Pilger informed the audience he had information that Attorney-General McClelland had been briefed that the Swedish charges “stink”. A parliamentary briefing in Canberra was told last week that the behaviour of the leading Swedish figures involved was “highly improper and reprehensible” and “preclude[d] a fair trial”. Pilger said: “The implications for Assange in Sweden are dire.”
Concluding his remarks, Pilger highlighted the immense service that WikiLeaks and Assange had played in bringing to the light of day the secret diplomacy of the US and other governments around the world.
“We have a right to know about these machinations”, he said. “We have a right to know these things, just as the people of Egypt and Tunisia had the right to know about the corruption of their regimes. They acted on that information. Certainly we can be inspired by what others have done fearlessly.”
Following Pilger’s speech, Andrew Wilkie addressed the meeting. In March 2003, on the eve of the Iraq war, Wilkie resigned his position as an Australian intelligence officer and publicly denounced as lies the claim that Iraq had “weapons of mass destruction”. Last year, he was elected as an independent member of the federal parliament. Along with two other independents and a Greens member, he sided with Gillard, enabling Labor to form a minority government. He has nevertheless made occasional criticisms of government actions, including its prejudicial denunciations of Julian Assange.
Wilkie observed that he received support and encouragement from around the country when he denounced Gillard last December for “showing contempt for the rule of law, contempt for presumption of innocence and contempt for freedom of the press.”
He told the audience that one of the factors behind the support for WikiLeaks was concern over censorship. “What we are seeing here with Julian Assange and WikiLeaks,” he said, “is another attempt to censor the internet, which will be to deny it its great strength.”
Wilkie also noted the popular anger over “the way a succession of Australian governments have been prepared to treat Australian citizens.” He pointed out that the compensation recently granted to the other Australian Guantánamo Bay detainee, Mamdouh Habib, was “all the proof we need that that man was treated wrongly and that Australian governments were party to that mistreatment”. David Hicks, Wilkie said, had been “fed into a grinder that has no similarity to any decent justice system.”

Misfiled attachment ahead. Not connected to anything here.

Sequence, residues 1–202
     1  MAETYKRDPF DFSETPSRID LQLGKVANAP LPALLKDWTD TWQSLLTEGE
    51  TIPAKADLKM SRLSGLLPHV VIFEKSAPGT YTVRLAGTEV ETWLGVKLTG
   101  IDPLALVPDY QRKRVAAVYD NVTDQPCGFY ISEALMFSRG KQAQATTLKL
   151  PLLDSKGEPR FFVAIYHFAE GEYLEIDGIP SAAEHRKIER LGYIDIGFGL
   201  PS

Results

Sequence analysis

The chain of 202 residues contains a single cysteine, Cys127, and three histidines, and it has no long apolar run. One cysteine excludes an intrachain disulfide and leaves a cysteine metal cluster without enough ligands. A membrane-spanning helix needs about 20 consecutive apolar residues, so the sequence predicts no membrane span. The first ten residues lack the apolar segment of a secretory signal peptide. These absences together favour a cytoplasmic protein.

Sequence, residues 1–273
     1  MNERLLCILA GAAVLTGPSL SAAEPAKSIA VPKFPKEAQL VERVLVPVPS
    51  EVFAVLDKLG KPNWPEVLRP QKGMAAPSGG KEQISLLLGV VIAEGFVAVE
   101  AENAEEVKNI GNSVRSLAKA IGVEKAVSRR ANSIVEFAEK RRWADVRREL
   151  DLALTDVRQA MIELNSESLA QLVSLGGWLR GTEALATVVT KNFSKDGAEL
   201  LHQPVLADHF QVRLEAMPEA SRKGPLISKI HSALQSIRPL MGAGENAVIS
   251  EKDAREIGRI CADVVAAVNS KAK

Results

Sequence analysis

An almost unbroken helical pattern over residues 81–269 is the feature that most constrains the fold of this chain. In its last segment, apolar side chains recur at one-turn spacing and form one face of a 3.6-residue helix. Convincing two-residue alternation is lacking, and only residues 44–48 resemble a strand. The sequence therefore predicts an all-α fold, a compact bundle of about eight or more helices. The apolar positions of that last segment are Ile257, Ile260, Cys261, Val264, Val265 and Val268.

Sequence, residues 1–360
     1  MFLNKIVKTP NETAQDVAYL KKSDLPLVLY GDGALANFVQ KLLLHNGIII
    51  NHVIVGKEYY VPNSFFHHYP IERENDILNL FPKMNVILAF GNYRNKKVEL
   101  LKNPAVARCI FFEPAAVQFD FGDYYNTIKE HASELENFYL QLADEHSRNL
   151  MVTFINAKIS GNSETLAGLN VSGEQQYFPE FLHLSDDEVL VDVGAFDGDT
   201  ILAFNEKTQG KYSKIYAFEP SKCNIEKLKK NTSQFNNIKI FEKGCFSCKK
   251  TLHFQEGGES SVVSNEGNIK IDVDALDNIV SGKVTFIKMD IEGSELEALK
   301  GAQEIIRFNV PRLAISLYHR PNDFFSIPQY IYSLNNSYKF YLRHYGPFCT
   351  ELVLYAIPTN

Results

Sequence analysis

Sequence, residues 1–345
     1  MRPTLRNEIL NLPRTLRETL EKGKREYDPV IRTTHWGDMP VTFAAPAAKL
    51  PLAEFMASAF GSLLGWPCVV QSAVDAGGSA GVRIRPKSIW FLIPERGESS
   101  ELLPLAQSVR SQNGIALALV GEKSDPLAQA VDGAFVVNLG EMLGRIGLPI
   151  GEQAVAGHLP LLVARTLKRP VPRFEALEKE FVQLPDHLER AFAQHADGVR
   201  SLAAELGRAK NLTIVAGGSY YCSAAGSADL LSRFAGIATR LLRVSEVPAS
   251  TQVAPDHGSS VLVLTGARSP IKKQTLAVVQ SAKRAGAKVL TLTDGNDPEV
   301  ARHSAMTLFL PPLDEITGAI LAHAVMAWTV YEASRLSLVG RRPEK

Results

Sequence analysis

Wilkie denounced the Labor government for having shown “no interest” since it won office from the Howard-led conservative parties in “conducting a full and proper inquiry, not into David Hicks, but into the system that treated him the way it did and into the government that allowed it to happen.”
The final speaker, lawyer Julian Burnside, declared that Assange and WikiLeaks had “done nothing wrong” in publishing leaked documents. The Gillard government, he said, had “betrayed one of our own citizens.”
Burnside dealt sharply with the political character of the sexual offences Assange is alleged to have committed in Sweden. The extradition efforts had been brought forward alongside agitation in the United States for action against WikiLeaks. “Anyone who thinks the extradition is actually about alleged sexual crimes,” Burnside said, “has been living in sad isolation for too long.”
The speakers were followed by a short question period before Pilger concluded the meeting with an appeal for a continuing campaign in support of Assange and WikiLeaks. His proposed campaign, however, consisted only of exhorting those present to pressure the thoroughly compliant and corporate-controlled media establishment to apply greater oversight and scrutiny of government. As they left Sydney Town Hall, audience members did so without being presented with any political perspective to conduct the type of struggle required to defend democratic rights. Such a struggle must be based on the political independence of the working class from all the parties and organisations of the political establishment, including Labor, the Greens and the trade unions, and grounded on a revolutionary socialist and international program.
One of those in attendance was Natalie, a student from the United States studying Peace and Conflict Studies at the University of Sydney.
She told the WSWS that the WikiLeaks exposures had been “a validation of what a lot of people have suspected in the back of their minds, which is that our politicians tend to say one thing in public and in front of the press, and do quite a different thing behind closed doors, when they think no-one’s looking or watching.
“What they’re trying to protect are not the interests of the common people. No matter who is there we have to hold them to a certain level of scrutiny. When we blindly feel that if we just choose the other guy then he will do everything that he said, we see that it’s not true. We elected Obama on ‘hope’ and ‘change’ and we can see right now with Guantánamo Bay and a lot of other issues that not much has changed. I think we are learning these hard lessons today.”